Thank you for this link! I love the concept of the site and the way it's executed with such earnestness. People are hilarious.
I particularly enjoy the way that in some of the reviews, the reviewer is amused that they are doing this and slighly sending things up. My favourite such excerpt is below.

Morally, there isn't really anything problematic. The religious setting is fuzzy; there's a god named Frith, and a Death-figure called the Black Rabbit of Inlé. And they don't have marriage. But, well, they're rabbits. I don't think it's a problem.
(Watership Down)

On the other hand, I can't help wanting to slip them a copy of Kushiel's Dart just to see what they have to say.
On the other hand, I can't help wanting to slip them a copy of Kushiel's Dart just to see what they have to say.

Nooooo!
*moves in a freeze-frame slow-mo 'saving the world' way*
*realises that's not going to work and glares instead*

Save the fluffy people from Kushiel's Dart. They will cry.
Temptation, oh temptation . . .

That would be . . . *interesting*. But they'd have fits about 10 lines into the blurb of Dart, and they wouldn't get to explore all the fun theology in Chosen and Avatar.
And Kushiel's Dart isn't real memetic poisoning. For that, you'd have to go for something like the Chronicles of Thomas Covenant or Left Behind. (I'd be fairly interested to see what the reviewers would make of Left Behind tbh)
Why would anyone wish a terrible writer like Donaldson on anyone? [/predictable drive-by sniping]
(I'd be fairly interested to see what the reviewers would make of Left Behind tbh)

Ditto (and if they like its morality, we know they're insane).
Kushiel is well-written, and thus more dangerous than Donaldson. I didn't get far enough to discover if his universe was more disturbing than Carey's. It certainly wasn't as interesting.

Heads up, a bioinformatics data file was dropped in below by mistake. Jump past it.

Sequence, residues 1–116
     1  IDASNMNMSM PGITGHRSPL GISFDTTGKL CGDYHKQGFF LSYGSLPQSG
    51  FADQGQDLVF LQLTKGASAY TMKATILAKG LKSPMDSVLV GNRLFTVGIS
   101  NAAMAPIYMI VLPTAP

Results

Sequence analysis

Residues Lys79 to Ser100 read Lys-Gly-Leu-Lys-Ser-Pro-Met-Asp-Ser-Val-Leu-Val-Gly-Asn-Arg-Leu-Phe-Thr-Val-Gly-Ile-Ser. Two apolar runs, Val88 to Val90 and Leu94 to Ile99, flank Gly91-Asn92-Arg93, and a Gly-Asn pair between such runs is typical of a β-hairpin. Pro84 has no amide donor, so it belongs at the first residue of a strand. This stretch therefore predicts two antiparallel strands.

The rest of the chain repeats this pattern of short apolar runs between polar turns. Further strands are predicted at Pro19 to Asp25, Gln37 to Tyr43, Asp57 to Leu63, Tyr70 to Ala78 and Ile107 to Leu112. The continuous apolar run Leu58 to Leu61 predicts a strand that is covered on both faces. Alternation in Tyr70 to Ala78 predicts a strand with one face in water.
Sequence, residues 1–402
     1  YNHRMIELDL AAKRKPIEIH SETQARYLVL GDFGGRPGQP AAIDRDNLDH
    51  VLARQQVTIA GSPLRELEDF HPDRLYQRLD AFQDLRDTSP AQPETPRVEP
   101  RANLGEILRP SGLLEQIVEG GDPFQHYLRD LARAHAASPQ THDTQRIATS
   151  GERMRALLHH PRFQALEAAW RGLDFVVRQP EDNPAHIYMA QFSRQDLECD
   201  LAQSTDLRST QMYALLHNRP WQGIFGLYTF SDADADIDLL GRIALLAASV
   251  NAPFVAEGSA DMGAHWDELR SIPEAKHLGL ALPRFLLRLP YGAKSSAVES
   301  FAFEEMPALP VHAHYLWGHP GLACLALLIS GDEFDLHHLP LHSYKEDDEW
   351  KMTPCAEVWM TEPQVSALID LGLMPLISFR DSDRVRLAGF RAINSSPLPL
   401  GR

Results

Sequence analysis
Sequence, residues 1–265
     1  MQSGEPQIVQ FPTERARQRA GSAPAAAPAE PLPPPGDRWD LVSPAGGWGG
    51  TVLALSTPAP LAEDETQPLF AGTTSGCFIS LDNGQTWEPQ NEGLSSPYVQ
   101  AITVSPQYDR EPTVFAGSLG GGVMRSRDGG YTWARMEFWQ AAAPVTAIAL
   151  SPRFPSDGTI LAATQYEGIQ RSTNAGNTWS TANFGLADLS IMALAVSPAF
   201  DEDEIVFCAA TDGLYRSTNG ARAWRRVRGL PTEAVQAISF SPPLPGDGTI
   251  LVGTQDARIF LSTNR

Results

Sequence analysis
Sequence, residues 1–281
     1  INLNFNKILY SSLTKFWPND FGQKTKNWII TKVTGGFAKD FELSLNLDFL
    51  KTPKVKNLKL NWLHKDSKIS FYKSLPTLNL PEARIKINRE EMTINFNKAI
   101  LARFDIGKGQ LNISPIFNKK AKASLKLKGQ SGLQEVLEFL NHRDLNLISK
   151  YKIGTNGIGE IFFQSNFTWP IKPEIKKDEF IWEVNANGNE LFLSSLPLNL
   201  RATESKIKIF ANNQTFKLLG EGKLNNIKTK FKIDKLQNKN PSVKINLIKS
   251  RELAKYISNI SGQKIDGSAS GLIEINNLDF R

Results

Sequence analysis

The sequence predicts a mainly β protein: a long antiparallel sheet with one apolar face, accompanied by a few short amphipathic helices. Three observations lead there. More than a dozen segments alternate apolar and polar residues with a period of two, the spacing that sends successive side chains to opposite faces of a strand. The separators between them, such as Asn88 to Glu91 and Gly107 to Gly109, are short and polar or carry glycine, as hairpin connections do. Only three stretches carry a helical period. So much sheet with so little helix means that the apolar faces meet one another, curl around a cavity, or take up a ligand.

Hi guys. I'm glad to see that the word is being spread about our website Refracted Light, even if not everyone likes it. (At least we're providing you with some humor, eh?) I want to thank Coalescent for bringing it to everyone's attention. ;)

There are a couple things I wanted to clear up with regard to the site, since people seem to have misunderstood a few of our points. Wychwood says: "I just feel that really this kind of attitude misses the point - both of SFF and of what being a Christian is about. I'm yet to be convinced that you can strengthen anyone's faith by "protecting" them from non-Christian stories. In fact, a lot of the books they look at have quite strong moral principles, but not ones which strictly conform to Christian teaching - but from their perspective, that would be "bad"."

Neither Rose nor I believe that people need to be "protected" from non-Christian stories. (Take a look at our favorite books lists, which include multiple non-Christian books.) Several of my favorite fantasy novels, for example books by Patricia McKillip or Connie Willis (the best modern sci-fi writer out there in my opinion), are non-Christian or even to some degree anti-Christian. This doesn't keep me from enjoying and loving these books, both on a literary level and for the ideas they discuss. The purpose of our site is simply to inform potential readers of books regarding their content and writing quality, so the readers can make their own decision about whether they want to read them. The site is a tool. If someone read a review of a book we'd given an F for morality, and decided based on the review that they definitely wanted to read the book, the site would still be doing its job because its job is to help people decide whether they want to read a certain book. We're definitely not out there to preach to anyone.

Of course, the site is geared toward Christians, which is why we make it very clear that we are using Christian definitions of morality for our moral grade scale. Non-Christians may not find the site the least bit helpful. If they don't, that's fine. However, if they do, so much the better for us.

Oh yes. I think my comment about evolution was misread. I was not addressing the issue of the truth of evolution per se, but simply commenting that the pointless, unguided evolution depicted in _The Time Machine_ is contrary to the Christian doctrine of Hope and purpose to our lives.

One last thing -- if any of you are actually willing to fulfill your desire to send us books, please just e-mail us -- refracted_light@pax-romana.net -- and we'll give you our address. Over the past couple of years we have received about 25 books from authors, and we always accept review copies.

P.S. We don't like Left Behind.

P.P.S. We love Harry Potter.